By Bill Wilson — Speaking in Denmark on April 16 with that country’s economics minister at an event hosted by the Politiken newspaper, billionaire investor George Soros took aim at austerity measures in Europe, saying they were only making things worse as countries there attempt to control the sovereign debt crisis.
“You can grow out of excessive debt, you cannot shrink out of excessive debts,” Soros said, blasting balanced budget policies as the culprit behind slowing economic growth. In a Financial Times piece, he called European Union-imposed austerity measures “counterproductive”.
The irony is Europe is already in a recession that was brought on not by balanced budgets or fiscal responsibility, but by too much government debt.
In Greece, for example, this came in the form of excessive public pension and health care obligations. In Ireland, it took the form of guaranteeing the losses of failed banks as the country’s housing bubble popped.
Soros’ comments came after a far more revealing speech in Berlin on April 13 where he really got to the heart of the matter. There, he spoke on a panel entitled “The Future of Europe” at the Institute for New Economic Thinking’s (INET) Paradigm Lost Conference.
There he compared European debtors like Greece and Ireland to “third world countries that have become heavily indebted in a foreign currency”.
Soros explained, “This happened because they transferred their seigniorage rights to the ECB [European Central Bank]. That’s why they can’t print their own money. And because they can’t print their own money, there is a real danger that they would default.”
That’s a rather honest accounting of the current crisis from Soros. Under this analysis, the only thing that apparently separates Europe from the U.S. (or Japanese) debt crises is that we possess far more efficient printing presses in the Federal Reserve and the Bank of Japan as compared to the ECB.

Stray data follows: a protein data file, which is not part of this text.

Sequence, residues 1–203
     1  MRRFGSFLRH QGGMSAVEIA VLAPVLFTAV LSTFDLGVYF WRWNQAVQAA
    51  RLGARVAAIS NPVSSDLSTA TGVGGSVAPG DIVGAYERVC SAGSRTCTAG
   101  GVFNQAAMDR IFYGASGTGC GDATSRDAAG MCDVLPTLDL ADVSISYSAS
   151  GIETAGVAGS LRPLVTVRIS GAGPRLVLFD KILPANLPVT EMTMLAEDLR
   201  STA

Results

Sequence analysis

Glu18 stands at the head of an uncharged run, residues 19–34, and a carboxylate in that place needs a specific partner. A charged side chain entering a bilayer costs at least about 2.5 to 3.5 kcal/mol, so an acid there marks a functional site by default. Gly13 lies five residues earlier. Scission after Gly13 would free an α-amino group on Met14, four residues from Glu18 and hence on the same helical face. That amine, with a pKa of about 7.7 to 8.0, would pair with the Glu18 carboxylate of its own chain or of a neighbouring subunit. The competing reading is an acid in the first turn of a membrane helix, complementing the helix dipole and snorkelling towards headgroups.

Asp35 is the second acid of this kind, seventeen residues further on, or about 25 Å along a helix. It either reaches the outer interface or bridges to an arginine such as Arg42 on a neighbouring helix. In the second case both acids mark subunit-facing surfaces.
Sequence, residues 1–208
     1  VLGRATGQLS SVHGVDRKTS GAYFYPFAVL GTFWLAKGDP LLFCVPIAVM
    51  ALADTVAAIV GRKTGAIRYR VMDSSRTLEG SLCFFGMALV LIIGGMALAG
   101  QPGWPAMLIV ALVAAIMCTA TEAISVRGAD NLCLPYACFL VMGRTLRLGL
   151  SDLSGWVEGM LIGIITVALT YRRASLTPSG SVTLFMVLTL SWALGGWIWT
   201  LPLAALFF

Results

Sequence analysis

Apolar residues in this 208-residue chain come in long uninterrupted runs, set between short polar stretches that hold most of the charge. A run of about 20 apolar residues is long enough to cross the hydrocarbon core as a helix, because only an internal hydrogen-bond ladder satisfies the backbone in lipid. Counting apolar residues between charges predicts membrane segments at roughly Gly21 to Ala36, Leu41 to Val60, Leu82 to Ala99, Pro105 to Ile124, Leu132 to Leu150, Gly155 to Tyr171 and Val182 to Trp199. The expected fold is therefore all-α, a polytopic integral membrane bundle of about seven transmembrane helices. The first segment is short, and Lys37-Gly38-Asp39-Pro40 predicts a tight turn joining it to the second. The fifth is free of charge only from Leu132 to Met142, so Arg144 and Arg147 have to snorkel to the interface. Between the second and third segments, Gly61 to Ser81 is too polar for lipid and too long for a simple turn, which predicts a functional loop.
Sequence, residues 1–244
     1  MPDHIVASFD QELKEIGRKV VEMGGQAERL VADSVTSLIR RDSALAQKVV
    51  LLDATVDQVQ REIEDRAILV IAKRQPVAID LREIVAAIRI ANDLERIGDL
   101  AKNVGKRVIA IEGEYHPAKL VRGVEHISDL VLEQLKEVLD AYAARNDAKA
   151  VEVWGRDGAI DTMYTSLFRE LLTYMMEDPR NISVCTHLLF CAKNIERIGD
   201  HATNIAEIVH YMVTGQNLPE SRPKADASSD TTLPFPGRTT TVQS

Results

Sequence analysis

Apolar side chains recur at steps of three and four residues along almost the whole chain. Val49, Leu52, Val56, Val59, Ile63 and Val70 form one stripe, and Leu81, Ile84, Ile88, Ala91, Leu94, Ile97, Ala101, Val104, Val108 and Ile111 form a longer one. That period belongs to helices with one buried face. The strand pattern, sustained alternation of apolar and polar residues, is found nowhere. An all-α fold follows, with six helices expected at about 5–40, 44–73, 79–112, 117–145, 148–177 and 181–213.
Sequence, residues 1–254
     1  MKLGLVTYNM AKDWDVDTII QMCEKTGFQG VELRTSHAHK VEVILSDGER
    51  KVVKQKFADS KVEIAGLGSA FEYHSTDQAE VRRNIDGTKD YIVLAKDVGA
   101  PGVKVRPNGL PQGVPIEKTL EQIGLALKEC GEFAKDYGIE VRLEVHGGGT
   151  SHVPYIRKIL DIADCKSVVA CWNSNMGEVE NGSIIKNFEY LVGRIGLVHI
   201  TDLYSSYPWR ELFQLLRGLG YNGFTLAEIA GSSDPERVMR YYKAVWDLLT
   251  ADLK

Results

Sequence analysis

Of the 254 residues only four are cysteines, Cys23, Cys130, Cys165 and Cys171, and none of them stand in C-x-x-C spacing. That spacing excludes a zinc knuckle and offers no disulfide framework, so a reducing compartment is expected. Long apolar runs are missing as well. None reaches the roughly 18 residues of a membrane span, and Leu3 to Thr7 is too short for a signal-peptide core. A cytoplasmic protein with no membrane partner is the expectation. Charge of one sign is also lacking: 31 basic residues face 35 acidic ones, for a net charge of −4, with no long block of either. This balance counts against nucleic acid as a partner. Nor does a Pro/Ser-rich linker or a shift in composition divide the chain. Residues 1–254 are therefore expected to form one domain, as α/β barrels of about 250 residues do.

Soros crystallized this seeming reality: “A sovereign that can print the money can’t default, will never default.”
Of course, according to Standard & Poor’s there were about 84 sovereign defaults in fiat currencies between 1975 and 2002, as reported recently by San Jose University associate professor Jeffrey Rogers Hummel. So default is actually a real possibility, even with a fiat currency. But let’s leave that aside for a moment.
Soros’ essential solution is not to “grow out of excessive debt” at all, as none of his policy prescriptions are designed to dramatically expand the private sector. Nor are they designed to create jobs in any capacity.
Instead, Soros wants an ad-hoc solution to the problems created by too much bad debt taken on by sovereigns. Rather than balance budgets and begin paying off their gargantuan debts, Soros wants profligate European nations to lift the Article 123 Lisbon Treaty prohibitions on the ECB from directly monetizing the debt, or to find a way around them.
Even if it means inflation, something the German Bundesbank avoids like the plague, ever aware of the Weimar experience that eventually gave rise to the Nazis, World War II, and 50 million dead.
Said Soros on inflation, “Maybe the currency will lose its value — or some part of its value, but they can always print the money that’s necessary to repay their debts.”
Or maybe, like Weimar, one could wind up with the worst of both worlds: hyperinflation and default.
Contrary to what Soros says, dramatic budget cuts are a way to avoid the false dilemma of default or inflation that he lays out. There is in fact another way. It’s just hardly ever been tried before in history.
But then again, it’s not surprising that someone who has made billions trading currencies would prefer the devastation of inflation over either default or responsible fiscal policies. Those options actually have the benefit of liberating taxpayers from the tyranny of the bank cartel — which owns all of these sovereign debts that cannot otherwise be repaid.
Bill Wilson is the President of Americans for Limited Government. You can follow Bill on Twitter at @BillWilsonALG.